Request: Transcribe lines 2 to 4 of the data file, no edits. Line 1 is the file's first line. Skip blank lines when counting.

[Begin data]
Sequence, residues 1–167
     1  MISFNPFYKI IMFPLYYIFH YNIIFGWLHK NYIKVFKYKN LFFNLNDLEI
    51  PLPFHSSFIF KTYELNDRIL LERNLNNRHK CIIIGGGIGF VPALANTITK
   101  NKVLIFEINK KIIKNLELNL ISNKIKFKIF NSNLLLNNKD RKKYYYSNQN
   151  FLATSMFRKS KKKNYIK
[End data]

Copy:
     1  MISFNPFYKI IMFPLYYIFH YNIIFGWLHK NYIKVFKYKN LFFNLNDLEI
    51  PLPFHSSFIF KTYELNDRIL LERNLNNRHK CIIIGGGIGF VPALANTITK
   101  NKVLIFEINK KIIKNLELNL ISNKIKFKIF NSNLLLNNKD RKKYYYSNQN